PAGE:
A report by renewable firm Regen SW (RSW) reveals that the renewable energy capacity in the south-west has “grown by almost 50% in the past 12 months”.
The survey, conducted by RSW found that the south-west now generates 7.3% of the electricity demand through renewable energy sources.
Merlin Hyman, chief executive of RSW, said, “This year’s progress report is encouraging”.
He was under no illusion, however, that the job was finished: “It should be just the start. If we continue at our current pace we will finish a long way off our 2020 target.
“This means we’ll be missing out the chance to create 34,000 high-value new jobs in the sector, the opportunity to become less reliant on uncertain oversees supplies of fossil fuels, and the opportunity of using our local renewable energy resources to generate income and fuel security for local communities.”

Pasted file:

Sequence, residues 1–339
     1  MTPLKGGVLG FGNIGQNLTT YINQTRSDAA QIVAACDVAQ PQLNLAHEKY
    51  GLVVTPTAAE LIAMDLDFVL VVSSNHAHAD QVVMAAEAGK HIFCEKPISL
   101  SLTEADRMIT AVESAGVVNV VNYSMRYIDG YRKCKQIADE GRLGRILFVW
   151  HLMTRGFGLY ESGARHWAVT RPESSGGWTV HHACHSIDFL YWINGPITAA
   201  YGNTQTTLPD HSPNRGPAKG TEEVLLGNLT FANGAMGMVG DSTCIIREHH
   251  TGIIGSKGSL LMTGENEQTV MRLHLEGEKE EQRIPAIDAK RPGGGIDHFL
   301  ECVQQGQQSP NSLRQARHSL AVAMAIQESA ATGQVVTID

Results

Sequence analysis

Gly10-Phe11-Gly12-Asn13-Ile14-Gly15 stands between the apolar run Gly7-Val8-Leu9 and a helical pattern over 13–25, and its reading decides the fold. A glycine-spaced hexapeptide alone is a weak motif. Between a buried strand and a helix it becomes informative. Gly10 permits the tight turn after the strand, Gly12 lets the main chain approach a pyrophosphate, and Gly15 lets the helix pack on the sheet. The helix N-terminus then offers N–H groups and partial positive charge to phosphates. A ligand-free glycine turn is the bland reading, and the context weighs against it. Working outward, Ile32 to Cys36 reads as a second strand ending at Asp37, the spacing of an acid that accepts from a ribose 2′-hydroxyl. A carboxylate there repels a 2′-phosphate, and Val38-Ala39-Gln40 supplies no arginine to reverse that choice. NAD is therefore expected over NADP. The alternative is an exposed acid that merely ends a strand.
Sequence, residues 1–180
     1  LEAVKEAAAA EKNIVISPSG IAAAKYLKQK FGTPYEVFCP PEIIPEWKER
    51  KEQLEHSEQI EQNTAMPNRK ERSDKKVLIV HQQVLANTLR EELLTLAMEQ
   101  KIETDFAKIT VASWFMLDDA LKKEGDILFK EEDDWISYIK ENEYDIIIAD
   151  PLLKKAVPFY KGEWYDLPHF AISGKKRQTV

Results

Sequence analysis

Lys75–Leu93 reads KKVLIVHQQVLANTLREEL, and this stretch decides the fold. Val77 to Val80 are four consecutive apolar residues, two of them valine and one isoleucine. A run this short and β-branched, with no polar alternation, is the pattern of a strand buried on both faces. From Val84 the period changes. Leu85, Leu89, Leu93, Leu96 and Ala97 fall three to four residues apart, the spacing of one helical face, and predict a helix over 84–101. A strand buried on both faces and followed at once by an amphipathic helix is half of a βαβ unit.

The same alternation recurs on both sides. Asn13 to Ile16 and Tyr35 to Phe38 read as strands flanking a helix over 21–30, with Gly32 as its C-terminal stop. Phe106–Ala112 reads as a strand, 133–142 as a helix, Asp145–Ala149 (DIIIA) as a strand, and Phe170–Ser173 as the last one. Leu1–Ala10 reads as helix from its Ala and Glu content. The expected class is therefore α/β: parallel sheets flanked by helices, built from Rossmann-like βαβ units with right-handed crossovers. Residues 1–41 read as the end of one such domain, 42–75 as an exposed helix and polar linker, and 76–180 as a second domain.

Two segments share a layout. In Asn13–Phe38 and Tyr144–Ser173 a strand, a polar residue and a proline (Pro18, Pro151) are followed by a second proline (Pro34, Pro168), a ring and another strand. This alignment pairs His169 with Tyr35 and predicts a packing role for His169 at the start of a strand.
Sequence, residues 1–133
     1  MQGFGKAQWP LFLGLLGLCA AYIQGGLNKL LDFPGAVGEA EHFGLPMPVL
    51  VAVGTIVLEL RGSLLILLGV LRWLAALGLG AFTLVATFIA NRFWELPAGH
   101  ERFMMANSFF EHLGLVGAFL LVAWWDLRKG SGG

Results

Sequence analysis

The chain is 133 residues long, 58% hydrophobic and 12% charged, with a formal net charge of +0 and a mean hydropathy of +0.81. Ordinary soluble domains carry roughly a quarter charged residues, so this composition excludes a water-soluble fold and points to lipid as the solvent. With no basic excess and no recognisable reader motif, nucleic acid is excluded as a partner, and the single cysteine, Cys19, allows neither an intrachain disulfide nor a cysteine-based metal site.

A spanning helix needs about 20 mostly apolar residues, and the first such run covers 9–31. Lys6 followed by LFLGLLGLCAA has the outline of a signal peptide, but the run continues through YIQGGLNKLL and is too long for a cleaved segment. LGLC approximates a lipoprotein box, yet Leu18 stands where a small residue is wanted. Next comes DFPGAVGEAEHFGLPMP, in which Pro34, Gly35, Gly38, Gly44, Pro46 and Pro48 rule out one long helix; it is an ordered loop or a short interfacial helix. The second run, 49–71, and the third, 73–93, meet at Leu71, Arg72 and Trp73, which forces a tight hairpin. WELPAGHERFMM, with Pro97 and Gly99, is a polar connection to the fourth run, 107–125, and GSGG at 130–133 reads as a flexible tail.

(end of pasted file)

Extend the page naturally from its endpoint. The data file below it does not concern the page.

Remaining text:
Hopes of further renewable energy projects were dashed last month when a group of MPs criticised plans to construct a £30 billion tidal barrage in the region. This is despite the Severn estuary having “the second highest tidal range in the world” and the potential to create 5% of the UK’s electricity generation from a low-carbon source.
Peter Hain, former shadow Welsh secretary, told the BBC last year that the initiative would not use “a penny of taxpayers’ money” for the investment as funds would all come from private investors.